A Mosque in Munich is an eye-opener about the depth of U.S. policies on using religion. But it is also a packed narrative with complicated characters whose motives are never clear-cut. It is a fast-paced read with action in every sentence. The story is told in vivid detail, and attributions and sources — which are impressively robust — are saved for a 50-plus page section at the end of the book. Johnson approaches history as a journalist, seeking not only to uncover facts but to get to know characters, who show us how much the world can change because of the idealism, greed, fear or egos of a handful of people.
In his prologue, Johnson writes, “I wondered what remains of a life when it is stripped of a public identity.” The intrigue and tenacity of A Mosque in Munich gives those lives, the intelligence agents and the Muslims in Munich after World War II, a captivating retelling in a book worthwhile for politically-inclined and plot-driven readers alike.
The Muslim Brotherhood edited by Barry Rubin
This is a collection of essays about a transnational movement. It’s uneven in quality and, particularly in the essay about North America, at times needlessly alarmist and not well-sourced. In light of allegations surrounding Park51, though, this text shows that The Muslim Brotherhood is not a monolith of evil. In fact, it’s not a monolith of anything. Its incarnations all over the world are highly independent and have very different goals, which makes any “guilty by association” claim difficult to sustain. Here’s an excerpt from the review:
The movement began in the 1920s in Egypt, with the original purpose of elevating the role of Islam. Today, thanks in part to its members migrating around the world, it’s a loose global network of political opposition parties, social groups and scholarly institutes. The essayists, mostly scholars, vacillate between taking an even, careful tone and proscribing the decades-old group’s existence outside Egypt.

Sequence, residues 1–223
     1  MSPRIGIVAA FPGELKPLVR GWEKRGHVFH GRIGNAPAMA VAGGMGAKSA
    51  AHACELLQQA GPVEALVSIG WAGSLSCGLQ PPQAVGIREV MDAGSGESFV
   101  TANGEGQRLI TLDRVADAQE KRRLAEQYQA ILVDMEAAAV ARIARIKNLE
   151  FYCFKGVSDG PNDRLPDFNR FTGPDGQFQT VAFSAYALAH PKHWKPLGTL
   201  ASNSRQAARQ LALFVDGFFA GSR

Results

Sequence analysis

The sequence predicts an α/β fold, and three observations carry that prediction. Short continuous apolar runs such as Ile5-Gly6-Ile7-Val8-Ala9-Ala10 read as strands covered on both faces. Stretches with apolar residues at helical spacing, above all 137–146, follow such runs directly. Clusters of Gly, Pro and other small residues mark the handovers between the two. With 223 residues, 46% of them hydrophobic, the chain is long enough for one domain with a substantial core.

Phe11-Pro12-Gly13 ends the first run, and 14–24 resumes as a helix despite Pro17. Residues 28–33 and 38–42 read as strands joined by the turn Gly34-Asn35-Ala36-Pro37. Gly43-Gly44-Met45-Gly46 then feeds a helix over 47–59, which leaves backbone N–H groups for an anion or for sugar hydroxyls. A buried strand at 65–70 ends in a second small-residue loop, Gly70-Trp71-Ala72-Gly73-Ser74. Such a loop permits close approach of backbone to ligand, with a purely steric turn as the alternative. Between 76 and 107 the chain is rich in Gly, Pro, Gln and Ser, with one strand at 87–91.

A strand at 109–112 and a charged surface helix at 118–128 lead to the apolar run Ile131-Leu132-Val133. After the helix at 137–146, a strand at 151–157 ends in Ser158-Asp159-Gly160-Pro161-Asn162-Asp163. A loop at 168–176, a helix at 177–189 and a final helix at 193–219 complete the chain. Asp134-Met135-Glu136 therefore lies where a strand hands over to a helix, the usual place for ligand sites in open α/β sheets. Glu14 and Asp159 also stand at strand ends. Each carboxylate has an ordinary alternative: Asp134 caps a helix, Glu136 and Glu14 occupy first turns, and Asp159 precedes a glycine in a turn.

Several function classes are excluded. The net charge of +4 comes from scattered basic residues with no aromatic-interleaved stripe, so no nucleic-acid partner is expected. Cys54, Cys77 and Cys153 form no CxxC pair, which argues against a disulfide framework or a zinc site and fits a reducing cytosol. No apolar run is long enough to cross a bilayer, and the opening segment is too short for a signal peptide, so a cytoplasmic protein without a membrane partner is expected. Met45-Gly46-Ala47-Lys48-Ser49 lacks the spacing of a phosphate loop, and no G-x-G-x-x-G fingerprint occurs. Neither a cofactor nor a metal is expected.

But they also take the more crucial step of explaining what this movement is not. The Brotherhood is not a top-down, tight network — a very important difference from the jihadist groups that dominate American news. While Muslim Brotherhood-affiliates are all influenced by major ideologues, they “operate in silos,” independently responding to local conditions and often engaging in existing institutions with the hope of influencing them from the inside. They focus on local issues — participating in elections and slating candidates in Jordan and Egypt — while jihadists such as al-Qa’ida focus on their obsessions with the West. While not opposed to violence, they do not see the use of force as a particularly effective way to reach their goals, with a few exceptions. One Brotherhood member who serves as an Egyptian parliamentarian said that he supports the activities of jihadist groups, but calls those who kill other Muslims murderers.
Rock & Roll Jihad: A Muslim Rock Star’s Revolution by Salman Ahmad